For couples over the age of 50, the beginning of the calendar year is a prime time to file for divorce. Between 1990 and 2013, the divorce rate has doubled for couples over the age of 50, and those who remain single after divorce may encounter financial difficulties. Research shows that 30 percent of divorced single women over the age of 62 are living at or below the federal poverty line.

Of men who divorce after the age of 62, 14 percent of them are in poverty. There are many reasons why older people who get divorced may have financial issues. Two of the biggest reasons include the fact that many investments held by older folks are not liquid, and there is greater salary uncertainty as workers get older. To further complicate matters, it can be difficult to divide Social Security benefits among those who have been married for more than 10 years.

Florida custody agreements

The issue of child custody is a primary concern for most parents seeking a divorce. A custody agreement aims to emphasize an arrangement between the parents that will keep the best interest of the child a priority. In Florida, a family court judge will indicate the parameters regarding physical custody, visitation and decision-making on the child's behalf.

In order to promote consistency in a child's routine, most parenting agreements indicate which parent will have physical custody. Physical custody refers to the residential arrangements for the child. The custodial parent will be responsible for meeting the child's daily needs. In the event that joint custody is granted, both parents will be expected to consult with one another in accordance with the terms of the custody agreement when handling important decisions involving the child, such as educational or medical issues, regardless of which parent was granted physical custody. When one parent has sole custody, on the other hand, the custodial parent may not be obligated to include the non-custodial parent in these decisions.

Complex asset division in South Florida

If you are preparing to divorce in Florida, you will necessarily go through the division of your marital property. In Florida, assets are deemed as either marital or nonmarital property. Marital property will be divided equitably between spouses, while separate property will remain the property of the spouse who brought it into the marriage.

Although property division may sound as if it will be a simple undertaking, it can be complex in the event your estate is large, you or your spouse is a business owner or your spouse is attempting to hide assets. If you divorce is a contentious one, your spouse may be trying to hide assets in order to try to keep you from receiving your rightful share or may be claiming that marital property is his or her separate property.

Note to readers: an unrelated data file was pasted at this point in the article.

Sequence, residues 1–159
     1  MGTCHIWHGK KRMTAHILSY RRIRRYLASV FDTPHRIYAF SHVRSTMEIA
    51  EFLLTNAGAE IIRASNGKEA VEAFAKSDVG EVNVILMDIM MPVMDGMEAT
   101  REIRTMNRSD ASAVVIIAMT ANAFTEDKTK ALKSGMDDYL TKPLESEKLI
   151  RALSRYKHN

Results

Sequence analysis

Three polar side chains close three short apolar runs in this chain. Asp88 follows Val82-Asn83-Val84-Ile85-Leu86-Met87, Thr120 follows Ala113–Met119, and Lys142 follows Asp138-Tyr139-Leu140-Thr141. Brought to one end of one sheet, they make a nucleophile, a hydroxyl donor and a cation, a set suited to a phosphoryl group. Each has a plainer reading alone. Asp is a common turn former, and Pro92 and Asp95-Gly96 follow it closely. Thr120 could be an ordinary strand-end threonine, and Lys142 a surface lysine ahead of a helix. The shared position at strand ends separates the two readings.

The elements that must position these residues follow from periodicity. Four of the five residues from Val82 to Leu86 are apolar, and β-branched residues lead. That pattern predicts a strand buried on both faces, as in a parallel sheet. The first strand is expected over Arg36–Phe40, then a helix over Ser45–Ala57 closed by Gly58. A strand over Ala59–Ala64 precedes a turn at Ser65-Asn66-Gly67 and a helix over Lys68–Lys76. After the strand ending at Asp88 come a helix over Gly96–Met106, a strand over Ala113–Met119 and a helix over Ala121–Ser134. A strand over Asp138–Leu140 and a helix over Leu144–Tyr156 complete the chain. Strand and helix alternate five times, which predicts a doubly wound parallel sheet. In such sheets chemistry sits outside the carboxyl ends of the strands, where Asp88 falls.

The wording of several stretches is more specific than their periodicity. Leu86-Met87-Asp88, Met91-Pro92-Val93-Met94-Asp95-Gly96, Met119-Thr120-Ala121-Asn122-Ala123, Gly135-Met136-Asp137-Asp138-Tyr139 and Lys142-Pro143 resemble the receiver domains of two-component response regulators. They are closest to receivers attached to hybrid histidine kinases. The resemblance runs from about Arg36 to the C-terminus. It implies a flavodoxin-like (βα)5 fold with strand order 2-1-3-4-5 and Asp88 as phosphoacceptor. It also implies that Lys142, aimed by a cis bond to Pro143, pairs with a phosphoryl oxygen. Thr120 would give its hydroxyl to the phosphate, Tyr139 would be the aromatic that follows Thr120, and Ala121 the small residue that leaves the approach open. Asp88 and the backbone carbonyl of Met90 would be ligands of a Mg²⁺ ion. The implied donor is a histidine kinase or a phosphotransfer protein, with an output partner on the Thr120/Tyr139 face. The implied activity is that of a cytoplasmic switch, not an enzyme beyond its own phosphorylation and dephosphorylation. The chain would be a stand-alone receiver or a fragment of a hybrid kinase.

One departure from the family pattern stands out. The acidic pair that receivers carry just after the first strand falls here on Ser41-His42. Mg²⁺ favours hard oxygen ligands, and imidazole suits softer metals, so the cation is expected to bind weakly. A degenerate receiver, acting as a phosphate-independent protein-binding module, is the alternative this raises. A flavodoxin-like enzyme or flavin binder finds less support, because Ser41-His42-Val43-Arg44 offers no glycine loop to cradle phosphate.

Dividing art assets when artists divorce

When undergoing a divorce, spouses often face a long and difficult process of dividing property. In states that have equitable distribution, like Florida, calculating the worth and appropriate division of assets can be a complex process, since distribution may be unequal depending on each spouse's financial circumstances, the needs of children, and the length of the marriage. When artists divorce, property division can be especially challenging due to the complex nature of art assets.

For artists, who often feel a deep personal connection to their work, the idea of considering their art as "property," and furthermore, property to which a spouse might be entitled, is difficult to accept. Nonetheless, the law considers art pieces divisible assets, and as such they need to be inventoried and appraised during a divorce process. Divorcing artists are advised to make an accurate listing of their pieces, specifying the value of the work and identifying when it was produced. Copyrights and licensing agreements also count as artwork and need to be included in the inventory.

Alimony and lump sum payments

One of the things Florida couples undergoing a divorce must often negotiate is the alimony payment. Many people opt for a monthly payment, but this is not the only choice available to them. In some states, divorced couples can also opt for a lump sum payment, just as long as the lump sum is at least equal to the total amount the payee would have received in future monthly payments.

There are benefits in opting for a lump sum payment for both the person paying alimony and the person receiving it. The person paying alimony might choose a lump sum payment to avoid missing a payment later on or to move on with their life without the complication of a monthly reminder of their previous relationship.